NST is prone to cheating. The grocery store owner is going to be trading groceries with his mechanic, there is going to be a lot of "gifting" before and/or after the sale, there are going to be a lot of "secret" cash registers with unreported sales, along with all the other creative ideas people will use to get around that system that I can't even being to imagine.

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And the 'rich' people will be able to afford to go to court to contest the assessed value, but not poor people. People will try to make upgrades 'under the radar' - this may lead to fewer inspections and less safety.
Transparency means that all property values will be made public (as they are now) and people will be able to compare their homes (# of rooms, square footage, etc.) to others in the town so nobody can fall under the radar. People go to city hall to contest assessed values now, they don't need expensive lawyers to do that now in their town.

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Under an NST the value of the item is established n the most efficient way I can imagine - by the fact it was bought/sold. No judgment at all, it is what it is.
I don't follow your logic here. Real estate is bought and sold all the time too. Judgement is used to determine value whether it's real estate or super bowl tickets. Someone could always say "it really isn't worth THAT much," but the market will dictate the value.

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NST does require administration to collect the tax (already being done in many states), and it could drive some sales underground, but I don't see it as a slam-dunk that your prop tax proposal is better.
And don't forget, there will need to be NST police to "audit" the sales tax receipt you will always need to carry out of the store with you. They will need to randomly stop people to verify 1) that the store gave them a receipt, 2) match the receipt to the register, and 3) make sure the store did not undervalue the product you purchase on the receipt to "save you some NST."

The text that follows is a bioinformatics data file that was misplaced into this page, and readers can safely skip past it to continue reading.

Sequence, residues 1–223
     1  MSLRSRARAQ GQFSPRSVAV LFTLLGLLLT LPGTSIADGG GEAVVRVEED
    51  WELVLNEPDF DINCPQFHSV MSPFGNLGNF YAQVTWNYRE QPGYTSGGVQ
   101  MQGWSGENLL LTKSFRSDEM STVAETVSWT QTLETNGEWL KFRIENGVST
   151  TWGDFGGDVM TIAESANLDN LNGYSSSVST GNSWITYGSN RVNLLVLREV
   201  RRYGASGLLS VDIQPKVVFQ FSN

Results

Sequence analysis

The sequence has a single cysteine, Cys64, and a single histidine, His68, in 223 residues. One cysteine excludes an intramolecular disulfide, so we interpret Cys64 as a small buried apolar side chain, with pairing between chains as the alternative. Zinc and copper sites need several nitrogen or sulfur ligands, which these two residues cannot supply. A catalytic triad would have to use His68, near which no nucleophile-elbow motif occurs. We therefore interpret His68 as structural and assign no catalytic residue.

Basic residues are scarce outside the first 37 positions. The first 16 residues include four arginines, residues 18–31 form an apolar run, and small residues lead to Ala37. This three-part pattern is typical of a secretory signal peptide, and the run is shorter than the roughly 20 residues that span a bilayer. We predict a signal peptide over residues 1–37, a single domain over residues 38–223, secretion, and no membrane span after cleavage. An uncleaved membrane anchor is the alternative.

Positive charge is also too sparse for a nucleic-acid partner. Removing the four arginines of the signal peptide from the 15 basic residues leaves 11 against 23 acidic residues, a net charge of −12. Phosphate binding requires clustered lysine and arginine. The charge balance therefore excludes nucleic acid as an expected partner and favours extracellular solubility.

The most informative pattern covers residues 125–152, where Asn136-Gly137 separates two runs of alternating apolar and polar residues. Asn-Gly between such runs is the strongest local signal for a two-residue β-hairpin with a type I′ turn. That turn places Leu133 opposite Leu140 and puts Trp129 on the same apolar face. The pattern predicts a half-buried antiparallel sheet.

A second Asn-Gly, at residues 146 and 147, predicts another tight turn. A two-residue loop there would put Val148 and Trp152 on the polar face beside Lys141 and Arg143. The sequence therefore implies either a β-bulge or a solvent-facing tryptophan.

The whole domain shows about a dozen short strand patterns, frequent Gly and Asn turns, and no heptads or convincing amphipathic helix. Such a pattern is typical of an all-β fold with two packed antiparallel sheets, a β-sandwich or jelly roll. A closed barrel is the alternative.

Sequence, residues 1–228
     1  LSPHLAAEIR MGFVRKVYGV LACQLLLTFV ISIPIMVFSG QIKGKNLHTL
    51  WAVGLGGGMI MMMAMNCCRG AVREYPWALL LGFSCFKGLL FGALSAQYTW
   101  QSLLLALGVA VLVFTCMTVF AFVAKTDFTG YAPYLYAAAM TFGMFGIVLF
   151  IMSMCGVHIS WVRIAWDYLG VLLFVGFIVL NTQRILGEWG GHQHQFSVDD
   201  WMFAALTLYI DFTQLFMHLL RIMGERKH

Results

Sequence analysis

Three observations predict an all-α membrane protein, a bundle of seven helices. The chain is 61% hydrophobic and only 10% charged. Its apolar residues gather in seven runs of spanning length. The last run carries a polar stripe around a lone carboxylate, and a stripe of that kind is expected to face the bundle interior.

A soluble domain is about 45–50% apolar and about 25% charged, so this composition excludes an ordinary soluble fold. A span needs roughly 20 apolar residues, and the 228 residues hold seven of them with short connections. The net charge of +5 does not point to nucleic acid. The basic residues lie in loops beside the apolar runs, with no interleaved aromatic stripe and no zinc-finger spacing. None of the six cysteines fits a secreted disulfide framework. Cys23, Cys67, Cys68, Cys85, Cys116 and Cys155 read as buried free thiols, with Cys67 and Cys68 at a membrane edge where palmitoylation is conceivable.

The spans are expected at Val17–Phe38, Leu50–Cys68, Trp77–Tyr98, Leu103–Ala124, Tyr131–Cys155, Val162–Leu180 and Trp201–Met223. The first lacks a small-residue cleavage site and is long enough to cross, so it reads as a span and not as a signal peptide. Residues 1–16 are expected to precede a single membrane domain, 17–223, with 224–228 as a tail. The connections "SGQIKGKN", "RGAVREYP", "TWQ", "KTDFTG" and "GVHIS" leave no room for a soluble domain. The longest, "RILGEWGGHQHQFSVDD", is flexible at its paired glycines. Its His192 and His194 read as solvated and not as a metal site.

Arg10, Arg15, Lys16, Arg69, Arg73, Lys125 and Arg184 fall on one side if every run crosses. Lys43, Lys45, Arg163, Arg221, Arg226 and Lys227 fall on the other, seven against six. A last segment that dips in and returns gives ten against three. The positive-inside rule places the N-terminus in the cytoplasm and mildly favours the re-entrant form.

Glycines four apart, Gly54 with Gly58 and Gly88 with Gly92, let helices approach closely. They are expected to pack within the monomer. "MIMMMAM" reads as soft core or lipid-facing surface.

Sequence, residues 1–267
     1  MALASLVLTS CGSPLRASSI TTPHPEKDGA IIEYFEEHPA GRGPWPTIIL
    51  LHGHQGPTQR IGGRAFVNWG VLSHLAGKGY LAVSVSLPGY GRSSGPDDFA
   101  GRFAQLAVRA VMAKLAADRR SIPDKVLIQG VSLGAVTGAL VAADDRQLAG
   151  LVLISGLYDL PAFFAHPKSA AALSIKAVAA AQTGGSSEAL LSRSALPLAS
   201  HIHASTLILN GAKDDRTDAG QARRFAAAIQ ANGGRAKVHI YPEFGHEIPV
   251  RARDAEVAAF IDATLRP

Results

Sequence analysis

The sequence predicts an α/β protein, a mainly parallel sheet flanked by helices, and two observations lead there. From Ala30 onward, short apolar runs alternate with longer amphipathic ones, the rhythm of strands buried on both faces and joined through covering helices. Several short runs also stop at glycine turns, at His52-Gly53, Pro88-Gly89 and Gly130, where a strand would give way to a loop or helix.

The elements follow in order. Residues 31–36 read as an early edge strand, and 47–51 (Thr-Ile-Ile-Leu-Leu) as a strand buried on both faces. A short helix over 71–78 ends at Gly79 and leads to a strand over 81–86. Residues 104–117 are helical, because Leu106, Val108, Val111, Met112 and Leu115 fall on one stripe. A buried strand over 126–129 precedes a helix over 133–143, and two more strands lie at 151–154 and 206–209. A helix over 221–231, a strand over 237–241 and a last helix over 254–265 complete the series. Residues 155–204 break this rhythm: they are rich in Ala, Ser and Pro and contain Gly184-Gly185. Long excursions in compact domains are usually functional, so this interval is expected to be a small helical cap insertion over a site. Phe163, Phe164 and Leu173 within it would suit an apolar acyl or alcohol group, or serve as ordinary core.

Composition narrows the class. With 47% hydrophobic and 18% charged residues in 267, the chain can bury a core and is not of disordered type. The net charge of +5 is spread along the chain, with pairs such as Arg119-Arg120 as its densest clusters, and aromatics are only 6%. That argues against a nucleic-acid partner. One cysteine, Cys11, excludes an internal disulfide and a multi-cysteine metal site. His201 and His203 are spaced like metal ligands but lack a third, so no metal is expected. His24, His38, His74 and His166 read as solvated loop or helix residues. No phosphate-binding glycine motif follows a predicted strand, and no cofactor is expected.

If you don't believe this will happen, I can vouch that it happened to me in Italy (they have a VAT) when I was stopped by "La Finanza" (Italian version of IRS) after I came out of a store with a purchase.

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I think the building industry is going to feel like it is being 'picked on'. People will tend to shift their spending to expensive cars, artwork and furnishings in that house rather than the house itself. The NST taxes everything we buy* - no playing favorites.
That is a weak argument. I could counter by saying the retail industry will feel picked on by the NST.

Who is going to put expensive cars and expensive artwork in a crappy house? Those things go hand in hand.

Everyone needs a place to live, so nobody will be picked on since everyone will be paying the tax on real estate.
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Old 10-17-2007, 09:25 AM   #29
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Yeah that's going to happen !

Out where I live the government at all levels soaks up whatever funding they get and spends it as fast as they can. They never quite have enough no matter how much funding they get. So some justify ever increasing taxes.
It does happen now in towns that collect a real estate tax. They adjust their rate per thousand all the time. Actually, it even happens with our current income tax system. Bush lowered the income tax rates, so it does happen.

You are talking about a different issue: Government overspending. This has nothing to do with the system of taxation.
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Old 10-17-2007, 09:48 AM   #30
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It does happen now in towns that collect a real estate tax. They adjust their rate per thousand all the time. Actually, it even happens with our current income tax system. Bush lowered the income tax rates, so it does happen.

You are talking about a different issue: Government overspending. This has nothing to do with the system of taxation.
I'll back you up on that point. My locality uses a formula, the taxes are X, and get divided up based on your assessment.